It is time to call for and mobilize “People United to Combat Media and Government Emasculation of Martin Luther King Jr.” It must be recognized that by consistently imposing upon the public the image of a person who had a dream and was essentially innocuous, the U.S. government and the country’s commercial media are emasculating a man in death whom they could not weaken or intimidate in life.

U.S. African and Mideast policies: War as foreign aid and regime change as democratic transition

February 4, 2013

“Former political prisoner Dhoruba Bin Wahad recently penned an excellent essay breaking down what’s going on in Mali, Congo and the Middle East. He also challenged the type of stances many of us have taken with respect to these regions that are embroiled in conflict. To support his essay, we interviewed him so he can expand upon his analysis. In true form, Dhoruba pulled no punches. Peep what he has to say.”

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Filed Under: Africa and the World
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Buy Black Wednesdays: Black history is universal

February 1, 2013

There are a lot of people out there who are concerned about how you spend your money. Embrace this glorious month of February and our incomparably rich history that extends back God knows where and support the future Gabby Douglases and Colin Kaepernicks and George Washington Carvers of the world by buying Black.

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Filed Under: Culture Stories
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U.S. deploying troops to 35 African countries

December 30, 2012

Soldiers will begin training in March 2013 in order to prepare for a project that will send troops to as many as 35 African nations. Citing a growing threat from extremist groups, including those with ties to al-Qaeda, the Department of Defense is hoping to install American soldiers overseas in order to prepare local troops there for any future crises as tensions escalate.

M23 tragedy manufactured by Rwanda and Uganda

November 24, 2012

Joseph Kabila was in Kampala Nov. 20 meeting with Rwanda’s Gen. Paul Kagame and Uganda’s Gen. Yoweri Museveni as the Congo city of Goma fell. Why would Kabila be in Uganda when the UN in a report by a group of experts found that M23, the army that seized Goma, was created, trained, financed and is sustained and commanded by Rwandan and Ugandan officers?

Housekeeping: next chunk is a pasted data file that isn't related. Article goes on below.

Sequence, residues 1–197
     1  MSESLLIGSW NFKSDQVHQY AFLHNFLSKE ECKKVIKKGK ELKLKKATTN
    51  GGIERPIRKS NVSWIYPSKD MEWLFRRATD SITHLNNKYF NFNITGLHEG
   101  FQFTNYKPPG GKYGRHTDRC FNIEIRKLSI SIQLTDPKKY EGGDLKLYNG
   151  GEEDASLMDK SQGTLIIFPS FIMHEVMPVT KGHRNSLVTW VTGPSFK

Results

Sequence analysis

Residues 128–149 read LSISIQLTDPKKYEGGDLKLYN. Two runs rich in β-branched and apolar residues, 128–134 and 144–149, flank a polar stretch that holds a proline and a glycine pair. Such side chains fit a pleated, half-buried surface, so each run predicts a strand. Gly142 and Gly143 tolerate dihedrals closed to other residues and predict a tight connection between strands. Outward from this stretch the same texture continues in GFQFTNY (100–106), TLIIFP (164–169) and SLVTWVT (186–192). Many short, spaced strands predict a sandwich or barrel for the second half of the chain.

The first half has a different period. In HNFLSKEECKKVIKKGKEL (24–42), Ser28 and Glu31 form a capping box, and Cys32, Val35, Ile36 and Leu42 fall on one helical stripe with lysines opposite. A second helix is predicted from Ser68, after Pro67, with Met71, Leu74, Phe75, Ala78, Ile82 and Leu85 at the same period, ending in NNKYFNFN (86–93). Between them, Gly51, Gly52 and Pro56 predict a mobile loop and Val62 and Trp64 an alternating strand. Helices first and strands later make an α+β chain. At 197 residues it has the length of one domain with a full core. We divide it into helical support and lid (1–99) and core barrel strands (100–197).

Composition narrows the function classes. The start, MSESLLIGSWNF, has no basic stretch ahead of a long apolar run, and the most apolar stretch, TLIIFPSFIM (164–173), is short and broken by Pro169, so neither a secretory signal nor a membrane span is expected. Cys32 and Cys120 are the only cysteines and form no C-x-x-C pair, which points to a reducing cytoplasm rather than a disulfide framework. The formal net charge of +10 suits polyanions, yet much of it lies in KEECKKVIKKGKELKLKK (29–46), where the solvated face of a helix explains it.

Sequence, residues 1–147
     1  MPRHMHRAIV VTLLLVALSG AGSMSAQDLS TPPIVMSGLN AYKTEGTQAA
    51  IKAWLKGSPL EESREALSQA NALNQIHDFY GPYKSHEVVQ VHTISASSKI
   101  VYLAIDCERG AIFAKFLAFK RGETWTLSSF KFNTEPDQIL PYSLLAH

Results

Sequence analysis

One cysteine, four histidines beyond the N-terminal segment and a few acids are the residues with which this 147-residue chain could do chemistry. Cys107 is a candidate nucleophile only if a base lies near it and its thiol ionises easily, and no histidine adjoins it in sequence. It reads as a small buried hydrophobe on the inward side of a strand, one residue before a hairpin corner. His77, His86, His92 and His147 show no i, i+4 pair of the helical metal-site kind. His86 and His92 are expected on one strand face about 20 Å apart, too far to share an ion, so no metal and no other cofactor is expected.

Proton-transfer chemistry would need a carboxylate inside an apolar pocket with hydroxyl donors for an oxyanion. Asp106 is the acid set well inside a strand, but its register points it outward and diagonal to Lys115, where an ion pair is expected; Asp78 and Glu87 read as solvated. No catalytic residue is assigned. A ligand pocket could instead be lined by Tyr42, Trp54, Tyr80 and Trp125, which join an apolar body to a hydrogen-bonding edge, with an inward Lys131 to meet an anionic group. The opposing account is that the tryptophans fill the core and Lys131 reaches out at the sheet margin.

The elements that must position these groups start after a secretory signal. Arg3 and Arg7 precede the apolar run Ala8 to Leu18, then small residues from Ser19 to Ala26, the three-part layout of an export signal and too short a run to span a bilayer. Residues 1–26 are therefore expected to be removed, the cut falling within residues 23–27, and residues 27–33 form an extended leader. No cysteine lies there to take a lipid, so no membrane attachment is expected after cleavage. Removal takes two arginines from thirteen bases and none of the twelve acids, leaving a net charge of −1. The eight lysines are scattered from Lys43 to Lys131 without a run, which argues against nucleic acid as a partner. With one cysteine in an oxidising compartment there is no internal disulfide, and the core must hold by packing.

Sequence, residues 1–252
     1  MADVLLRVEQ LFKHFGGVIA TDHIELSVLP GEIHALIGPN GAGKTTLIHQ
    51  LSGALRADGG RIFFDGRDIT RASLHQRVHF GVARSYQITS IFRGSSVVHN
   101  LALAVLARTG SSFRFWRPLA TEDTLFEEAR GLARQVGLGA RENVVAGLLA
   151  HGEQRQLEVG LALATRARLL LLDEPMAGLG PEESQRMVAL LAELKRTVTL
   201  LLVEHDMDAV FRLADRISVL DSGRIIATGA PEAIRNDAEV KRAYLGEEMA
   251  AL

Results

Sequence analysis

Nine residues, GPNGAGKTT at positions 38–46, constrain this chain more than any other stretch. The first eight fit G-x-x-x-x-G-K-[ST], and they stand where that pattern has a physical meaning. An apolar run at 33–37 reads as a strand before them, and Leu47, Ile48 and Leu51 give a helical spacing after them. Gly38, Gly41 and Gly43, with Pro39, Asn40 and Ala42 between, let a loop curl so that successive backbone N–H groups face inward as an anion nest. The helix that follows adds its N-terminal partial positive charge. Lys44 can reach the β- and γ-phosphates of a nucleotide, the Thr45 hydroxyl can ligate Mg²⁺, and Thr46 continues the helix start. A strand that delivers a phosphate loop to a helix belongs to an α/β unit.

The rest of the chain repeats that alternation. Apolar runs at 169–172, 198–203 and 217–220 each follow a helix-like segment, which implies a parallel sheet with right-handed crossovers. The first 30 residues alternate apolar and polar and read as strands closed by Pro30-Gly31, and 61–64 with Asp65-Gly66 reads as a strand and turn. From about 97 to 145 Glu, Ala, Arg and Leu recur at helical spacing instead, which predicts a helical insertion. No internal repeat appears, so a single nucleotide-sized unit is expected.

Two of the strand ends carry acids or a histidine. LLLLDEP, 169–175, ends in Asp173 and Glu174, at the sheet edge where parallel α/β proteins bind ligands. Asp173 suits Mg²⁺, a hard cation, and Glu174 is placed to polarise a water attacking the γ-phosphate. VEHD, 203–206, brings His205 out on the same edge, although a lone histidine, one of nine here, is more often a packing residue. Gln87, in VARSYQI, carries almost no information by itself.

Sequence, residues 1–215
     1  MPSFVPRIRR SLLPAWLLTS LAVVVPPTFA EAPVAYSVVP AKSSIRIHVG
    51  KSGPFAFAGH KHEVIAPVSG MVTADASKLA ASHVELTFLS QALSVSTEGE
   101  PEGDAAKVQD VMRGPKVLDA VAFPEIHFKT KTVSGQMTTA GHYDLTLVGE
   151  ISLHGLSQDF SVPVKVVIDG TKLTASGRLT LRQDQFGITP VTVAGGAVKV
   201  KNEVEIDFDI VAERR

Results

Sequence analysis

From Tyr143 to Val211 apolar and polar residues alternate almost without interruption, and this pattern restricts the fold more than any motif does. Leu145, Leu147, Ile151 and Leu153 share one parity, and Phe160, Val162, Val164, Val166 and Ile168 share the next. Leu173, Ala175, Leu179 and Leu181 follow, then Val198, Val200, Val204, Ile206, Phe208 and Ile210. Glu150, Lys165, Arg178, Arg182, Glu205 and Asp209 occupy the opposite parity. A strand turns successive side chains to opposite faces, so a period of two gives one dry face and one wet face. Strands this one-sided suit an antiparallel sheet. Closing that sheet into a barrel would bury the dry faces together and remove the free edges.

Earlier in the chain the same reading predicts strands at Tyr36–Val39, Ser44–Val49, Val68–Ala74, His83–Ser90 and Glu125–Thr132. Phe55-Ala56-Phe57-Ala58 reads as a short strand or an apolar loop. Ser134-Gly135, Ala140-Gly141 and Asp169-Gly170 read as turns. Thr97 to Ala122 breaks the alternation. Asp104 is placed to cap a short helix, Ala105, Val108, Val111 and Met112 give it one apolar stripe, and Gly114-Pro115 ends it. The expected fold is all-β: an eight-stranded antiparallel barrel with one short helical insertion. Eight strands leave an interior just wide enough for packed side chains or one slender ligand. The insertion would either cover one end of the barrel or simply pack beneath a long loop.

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Filed Under: Africa and the World
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Bani Walid pays price for refusing to accept the mark of the beast

October 29, 2012

The images emerging from the current siege of Bani Walid are gruesome. NATO’s henchmen are attacking their own people with bombs and chemical weapons, injuring and killing scores of civilians. Women, children and old people lie maimed or dismembered on the side of the roads, many of them buried in the rubble. Ethnic cleansing of people with black skin is being carried out by Arab supremacists, but the Muslims of Bani Walid refuse to accept that people with black skin are to be hunted and killed.

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Filed Under: Africa and the World
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Benghazi attack: Libya’s Green Resistance did it … and NATO powers are covering up

September 26, 2012

The NATO powers and the bureaucrats they installed in Libya want you to think that all 5.6 million Libyans are happy that NATO and its proxy terrorists destroyed Libya, a country which under Qaddafi had the highest standard of living in Africa. They want you to think that there is no Green Resistance to the NATO imperialists or NATO’s Islamist allies in Benghazi. Because of this denial, the internet is filled with blind guesses regarding the Benghazi incident Sept. 11 in which U.S. Ambassador Christopher Stevens and at least three other American personnel were killed.

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Filed Under: Africa and the World
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The drone wars cometh

July 20, 2012

by Mumia Abu-Jamal A U.S. assassination drone destroys a neighborhood in Mogadishu, Somalia. – Photo: PressTV For millions of people, who groaned under the gross, lumbering stupidity of the Bush years, the advent of the Obama administration seemed like the rising of a sweet springtime sun after storms of bleak chaos. Who knew that the [...]

A sourcebook for the media revolution

January 22, 2012

According to Mickey Huff, the corporate media are serving up a diet of “junk-food news to avoid telling the public what is really going on at home and abroad”; for example, Ann Garrison discloses that pilotless drones are fast becoming the dominant means of delivering explosives from the air.

Cynthia McKinney: U.S. war machine pervades Africa

January 22, 2012

Does the Obama administration plan an African continent-wide Plan Colombia? Why such a militarization of U.S. relationships all over the world – and even here at home? Will chaos and wars – like what is happening in Libya today – be created all over Africa and the rest of Asia? Please circulate this message widely so that maybe we can get some more responses from the administration about its policy direction. Tell the White House that you will cast your vote for peace – to stop the drones and bring our troops home.

Should Africa be an ally of the West or China? The case of Cameroon and Côte d’Ivoire

December 27, 2011

The past 12 months were very intense on the African continent. Some important elections stirred up a whole lot of interests. Shared zones of influence are being renegotiated between the old powers of the world, the Western powers, and the new power, China.

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Filed Under: Africa and the World